Radical bishop fined in Germany for Holocaust denial


BERLIN (JTA) — A radical Catholic bishop was fined in Germany on charges of Holocaust denial.

The $2,400 fine levied against Richard Williamson, 72, on Jan. 17 in Regensburg District Court stems from an interview he gave in 2008 to the Swedish SVT broadcaster in which he called the murder of Jews in gas chambers during the Holocaust "lies, lies, lies."

Williamson, who reportedly lives in London, is protesting the sentence, according to German news reports.

In 2010, he was found guilty in the Regensburg court of incitement to hate and fined about $14,000, but the verdict was set aside. An appeals court ruled that the district court had failed to say when and how the offending remarks were broadcast.

This time the court in explaining its decision noted that Williams’ statements "were not spontaneous," but rather were "well-thought-out answers to the questions posed in front of the camera," and that he clearly knew they would be broadcast, according to German media reports.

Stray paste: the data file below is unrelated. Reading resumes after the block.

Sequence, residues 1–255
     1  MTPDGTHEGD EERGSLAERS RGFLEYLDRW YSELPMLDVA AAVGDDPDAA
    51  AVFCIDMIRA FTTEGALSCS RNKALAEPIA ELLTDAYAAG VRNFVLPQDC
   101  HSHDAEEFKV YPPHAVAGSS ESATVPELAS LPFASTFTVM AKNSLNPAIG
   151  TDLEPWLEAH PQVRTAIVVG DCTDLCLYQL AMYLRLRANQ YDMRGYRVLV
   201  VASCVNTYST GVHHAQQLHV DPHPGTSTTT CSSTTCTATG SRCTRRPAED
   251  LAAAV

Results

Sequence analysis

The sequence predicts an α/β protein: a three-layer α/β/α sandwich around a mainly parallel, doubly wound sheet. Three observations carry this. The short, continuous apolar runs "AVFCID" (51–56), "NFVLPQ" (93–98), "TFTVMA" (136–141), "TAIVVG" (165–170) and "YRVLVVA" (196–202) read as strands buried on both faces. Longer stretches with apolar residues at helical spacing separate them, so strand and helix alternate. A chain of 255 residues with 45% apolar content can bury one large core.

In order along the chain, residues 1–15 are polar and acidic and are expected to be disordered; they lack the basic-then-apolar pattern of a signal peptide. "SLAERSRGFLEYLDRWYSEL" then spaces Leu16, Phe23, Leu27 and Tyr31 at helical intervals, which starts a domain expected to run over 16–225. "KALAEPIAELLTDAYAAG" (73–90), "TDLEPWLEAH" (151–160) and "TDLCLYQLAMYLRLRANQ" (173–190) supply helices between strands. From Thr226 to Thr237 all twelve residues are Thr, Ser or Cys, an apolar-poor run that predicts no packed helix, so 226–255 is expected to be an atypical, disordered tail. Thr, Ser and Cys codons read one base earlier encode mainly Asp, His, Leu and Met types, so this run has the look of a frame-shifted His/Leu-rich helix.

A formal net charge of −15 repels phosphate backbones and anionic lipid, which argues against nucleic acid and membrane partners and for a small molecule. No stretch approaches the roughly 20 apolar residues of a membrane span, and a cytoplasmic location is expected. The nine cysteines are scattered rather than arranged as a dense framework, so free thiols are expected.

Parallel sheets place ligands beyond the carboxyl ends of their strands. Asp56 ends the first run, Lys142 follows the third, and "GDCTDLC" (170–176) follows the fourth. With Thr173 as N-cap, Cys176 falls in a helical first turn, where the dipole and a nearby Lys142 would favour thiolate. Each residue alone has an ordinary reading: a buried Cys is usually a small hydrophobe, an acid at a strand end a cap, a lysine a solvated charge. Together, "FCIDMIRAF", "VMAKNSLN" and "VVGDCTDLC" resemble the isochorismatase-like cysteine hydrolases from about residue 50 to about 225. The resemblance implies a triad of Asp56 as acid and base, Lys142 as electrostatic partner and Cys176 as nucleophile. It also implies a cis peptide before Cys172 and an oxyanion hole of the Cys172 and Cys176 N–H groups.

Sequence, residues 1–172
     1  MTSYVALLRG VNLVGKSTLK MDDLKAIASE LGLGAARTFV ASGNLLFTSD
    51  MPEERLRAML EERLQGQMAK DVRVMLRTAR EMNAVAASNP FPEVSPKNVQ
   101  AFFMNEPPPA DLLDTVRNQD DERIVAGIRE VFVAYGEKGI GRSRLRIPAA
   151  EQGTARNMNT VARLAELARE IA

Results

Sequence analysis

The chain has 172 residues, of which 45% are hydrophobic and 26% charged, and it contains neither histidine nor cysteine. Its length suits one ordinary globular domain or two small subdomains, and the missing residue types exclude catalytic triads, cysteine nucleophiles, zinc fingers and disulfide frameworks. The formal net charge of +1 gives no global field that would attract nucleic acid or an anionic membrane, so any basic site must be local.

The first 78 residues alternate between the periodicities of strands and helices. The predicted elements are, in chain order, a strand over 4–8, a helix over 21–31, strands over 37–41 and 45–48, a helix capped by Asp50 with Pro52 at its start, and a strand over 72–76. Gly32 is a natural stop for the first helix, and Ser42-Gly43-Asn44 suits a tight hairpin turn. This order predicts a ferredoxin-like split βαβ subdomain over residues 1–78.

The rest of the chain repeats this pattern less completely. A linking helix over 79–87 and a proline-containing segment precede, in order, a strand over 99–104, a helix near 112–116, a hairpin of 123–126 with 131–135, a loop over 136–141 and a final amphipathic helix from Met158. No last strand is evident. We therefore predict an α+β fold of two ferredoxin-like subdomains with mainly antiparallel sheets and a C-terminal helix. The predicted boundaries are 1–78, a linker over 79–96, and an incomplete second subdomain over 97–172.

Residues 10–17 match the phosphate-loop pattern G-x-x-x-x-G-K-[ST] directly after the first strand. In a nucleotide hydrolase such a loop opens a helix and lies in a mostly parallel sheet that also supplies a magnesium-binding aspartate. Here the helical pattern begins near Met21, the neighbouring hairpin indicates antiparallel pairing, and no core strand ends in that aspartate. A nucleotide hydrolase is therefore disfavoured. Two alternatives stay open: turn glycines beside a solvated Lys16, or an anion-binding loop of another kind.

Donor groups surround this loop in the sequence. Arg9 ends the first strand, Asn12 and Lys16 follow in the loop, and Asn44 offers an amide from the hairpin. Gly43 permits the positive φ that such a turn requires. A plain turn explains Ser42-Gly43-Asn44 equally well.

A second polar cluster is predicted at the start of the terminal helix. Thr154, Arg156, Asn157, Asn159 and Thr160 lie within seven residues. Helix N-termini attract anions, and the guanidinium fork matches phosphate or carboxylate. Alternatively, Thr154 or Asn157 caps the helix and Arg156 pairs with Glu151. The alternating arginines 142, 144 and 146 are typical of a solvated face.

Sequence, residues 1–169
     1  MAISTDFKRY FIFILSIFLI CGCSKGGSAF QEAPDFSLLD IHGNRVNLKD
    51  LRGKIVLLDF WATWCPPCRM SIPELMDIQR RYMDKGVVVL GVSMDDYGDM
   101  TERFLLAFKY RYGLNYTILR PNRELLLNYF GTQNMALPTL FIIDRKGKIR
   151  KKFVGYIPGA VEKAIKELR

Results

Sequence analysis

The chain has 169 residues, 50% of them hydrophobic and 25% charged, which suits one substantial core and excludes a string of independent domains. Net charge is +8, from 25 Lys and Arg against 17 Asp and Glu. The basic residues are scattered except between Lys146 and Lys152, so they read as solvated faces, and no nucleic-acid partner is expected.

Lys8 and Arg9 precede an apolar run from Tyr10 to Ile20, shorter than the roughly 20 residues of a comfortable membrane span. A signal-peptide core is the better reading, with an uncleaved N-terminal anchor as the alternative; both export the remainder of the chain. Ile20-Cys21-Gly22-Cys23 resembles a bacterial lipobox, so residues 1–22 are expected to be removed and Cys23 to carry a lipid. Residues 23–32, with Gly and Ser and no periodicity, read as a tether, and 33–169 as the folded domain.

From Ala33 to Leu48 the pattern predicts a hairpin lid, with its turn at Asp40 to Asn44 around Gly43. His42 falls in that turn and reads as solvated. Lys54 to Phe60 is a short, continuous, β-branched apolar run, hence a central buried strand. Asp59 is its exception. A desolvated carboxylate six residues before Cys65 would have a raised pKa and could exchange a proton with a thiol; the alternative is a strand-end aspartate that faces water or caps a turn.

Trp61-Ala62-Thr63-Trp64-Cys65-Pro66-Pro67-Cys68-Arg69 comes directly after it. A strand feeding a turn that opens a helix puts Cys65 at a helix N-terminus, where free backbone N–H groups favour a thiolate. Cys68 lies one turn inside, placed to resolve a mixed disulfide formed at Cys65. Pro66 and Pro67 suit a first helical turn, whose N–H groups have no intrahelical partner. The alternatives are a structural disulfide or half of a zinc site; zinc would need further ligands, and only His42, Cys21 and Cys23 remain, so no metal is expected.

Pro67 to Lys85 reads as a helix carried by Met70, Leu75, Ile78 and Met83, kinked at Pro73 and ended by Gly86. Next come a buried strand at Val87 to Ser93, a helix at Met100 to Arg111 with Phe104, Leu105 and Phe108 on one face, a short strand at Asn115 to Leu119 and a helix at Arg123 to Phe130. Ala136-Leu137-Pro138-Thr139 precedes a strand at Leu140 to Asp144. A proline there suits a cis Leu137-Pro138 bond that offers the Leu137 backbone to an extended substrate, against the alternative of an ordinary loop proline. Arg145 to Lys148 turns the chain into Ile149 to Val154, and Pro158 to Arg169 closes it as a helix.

In the interview, conducted in Regensburg, Germany, broadcast on Swedish TV and also seen on the Internet, Williamson allegedly denied that any Jews were murdered in gas chambers during the Holocaust and insisted that not more than 300,000 European Jews were killed in total.

His attorneys reportedly told the court that Williamson’s statements were not punishable in Sweden or in England, and he should not be held responsible if they were accessible in Germany, where Holocaust denial is illegal.

The case was especially controversial because the Catholic Church at approximately the time of the broadcast had reversed the excommunication of Williams and other bishops from the the Catholic breakaway sect Society of St. Pius X.

Williamson is no longer a member of the St. Pius sect; he was expelled in 2012 for "refusing to show due respect and obedience to his lawful superiors," according to the sect’s website.


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